Criterion Sunday 163: Hopscotch (1980)

It’s difficult in our techno-spy thriller era to take seriously such a bumbling joking character as Walter Matthau’s CIA agent here, Miles Kendig. He’s running rings around his bureaucratic superiors (most notably Ned Beatty antagonist Myerson), but I’m not sure it is always believable. It’s more akin to a comedic farce really, likeable I suppose and impossible to really hate, but very much of its time.


FILM REVIEW: Criterion Collection
Director Ronald Neame; Writers Bryan Forbes and Brian Garfield (based on the novel by Garfield); Cinematographers Arthur Ibbetson and Brian W. Roy; Starring Walter Matthau, Glenda Jackson, Sam Waterston, Ned Beatty; Length 104 minutes.

Seen at a friend’s home (DVD), London, Sunday 2 July 2017.

Criterion Sunday 157: The Royal Tenenbaums (2001)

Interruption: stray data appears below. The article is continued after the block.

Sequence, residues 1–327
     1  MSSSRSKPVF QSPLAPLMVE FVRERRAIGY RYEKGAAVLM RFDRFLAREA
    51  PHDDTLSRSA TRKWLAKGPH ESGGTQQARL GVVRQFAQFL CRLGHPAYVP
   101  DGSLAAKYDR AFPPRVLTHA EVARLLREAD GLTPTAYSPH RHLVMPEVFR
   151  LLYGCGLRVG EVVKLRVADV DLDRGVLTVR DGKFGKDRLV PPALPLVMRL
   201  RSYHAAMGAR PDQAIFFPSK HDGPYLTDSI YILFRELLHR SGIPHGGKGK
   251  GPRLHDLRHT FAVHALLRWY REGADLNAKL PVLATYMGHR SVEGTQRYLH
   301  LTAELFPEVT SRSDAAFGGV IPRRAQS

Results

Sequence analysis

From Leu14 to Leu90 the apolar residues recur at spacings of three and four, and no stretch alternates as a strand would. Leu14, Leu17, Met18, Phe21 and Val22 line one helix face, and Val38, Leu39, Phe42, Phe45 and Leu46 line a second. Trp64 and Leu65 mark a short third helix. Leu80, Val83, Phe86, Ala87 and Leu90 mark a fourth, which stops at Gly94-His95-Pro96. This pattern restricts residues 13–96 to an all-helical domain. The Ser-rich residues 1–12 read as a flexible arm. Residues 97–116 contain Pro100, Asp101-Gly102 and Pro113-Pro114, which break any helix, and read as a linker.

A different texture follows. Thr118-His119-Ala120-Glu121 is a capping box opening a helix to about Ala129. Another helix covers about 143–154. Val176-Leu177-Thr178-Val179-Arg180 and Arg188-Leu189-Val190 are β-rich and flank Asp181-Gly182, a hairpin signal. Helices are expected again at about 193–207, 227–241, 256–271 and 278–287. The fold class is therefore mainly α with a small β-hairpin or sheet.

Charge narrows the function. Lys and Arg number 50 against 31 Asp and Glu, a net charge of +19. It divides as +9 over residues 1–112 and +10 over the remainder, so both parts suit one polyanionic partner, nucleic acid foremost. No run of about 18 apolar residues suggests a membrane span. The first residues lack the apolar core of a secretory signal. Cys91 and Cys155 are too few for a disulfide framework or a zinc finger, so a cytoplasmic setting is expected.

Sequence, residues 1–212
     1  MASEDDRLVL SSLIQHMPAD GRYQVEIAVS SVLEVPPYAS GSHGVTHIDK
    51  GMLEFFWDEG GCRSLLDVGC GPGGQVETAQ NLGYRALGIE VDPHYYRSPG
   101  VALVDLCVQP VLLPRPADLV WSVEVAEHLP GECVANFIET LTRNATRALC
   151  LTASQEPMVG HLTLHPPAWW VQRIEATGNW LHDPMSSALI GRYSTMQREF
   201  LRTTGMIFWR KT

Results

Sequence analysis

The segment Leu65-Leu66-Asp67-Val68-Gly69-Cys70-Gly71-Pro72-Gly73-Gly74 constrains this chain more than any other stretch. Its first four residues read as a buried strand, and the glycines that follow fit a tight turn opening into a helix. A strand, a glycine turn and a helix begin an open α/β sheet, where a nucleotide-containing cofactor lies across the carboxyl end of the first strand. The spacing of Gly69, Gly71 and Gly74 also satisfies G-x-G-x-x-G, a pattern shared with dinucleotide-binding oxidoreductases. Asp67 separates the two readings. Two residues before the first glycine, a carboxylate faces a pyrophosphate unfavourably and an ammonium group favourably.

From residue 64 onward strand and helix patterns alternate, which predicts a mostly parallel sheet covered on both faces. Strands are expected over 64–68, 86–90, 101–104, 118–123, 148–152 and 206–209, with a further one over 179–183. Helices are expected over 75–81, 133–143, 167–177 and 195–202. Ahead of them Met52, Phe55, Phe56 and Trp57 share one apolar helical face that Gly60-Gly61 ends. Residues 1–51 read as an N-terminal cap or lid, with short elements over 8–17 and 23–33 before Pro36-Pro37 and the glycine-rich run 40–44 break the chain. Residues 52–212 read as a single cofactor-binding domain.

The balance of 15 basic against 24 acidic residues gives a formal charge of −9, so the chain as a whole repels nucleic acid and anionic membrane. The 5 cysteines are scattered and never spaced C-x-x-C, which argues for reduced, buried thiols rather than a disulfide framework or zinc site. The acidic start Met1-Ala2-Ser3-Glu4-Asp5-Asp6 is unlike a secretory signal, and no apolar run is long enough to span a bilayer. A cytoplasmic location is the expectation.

There are a lot of charges that get levelled at Wes Anderson, his filmmaking and his films — often feelings that I’ve held at some time or another — which is usually around the fastidiousness with which the sets are designed, or the shots are framed, about the sense that emotion has been overwhelmed by the constructedness of the places within which they’re shared, stuff like that. And as I said, sometimes I really do feel that, but while ultimately he may have an outcome very clearly in mind, he’s also canny enough to hire actors who are able to get at something, and it’s something that in Royal Tenenbaums feels particularly deep and sad. Anjelica Huston and Gene Hackman really underpin this whole enterprise, as Etheline and Royal, the estranged heads of this particular family, and it all seems to first come together in the scene where Royal confronts her outside his building, in front of a Japanese embassy building, at first saying he’s dying then retracting that when she makes what he considers too much of a scene, all conveyed in small gestures with a largely static camera.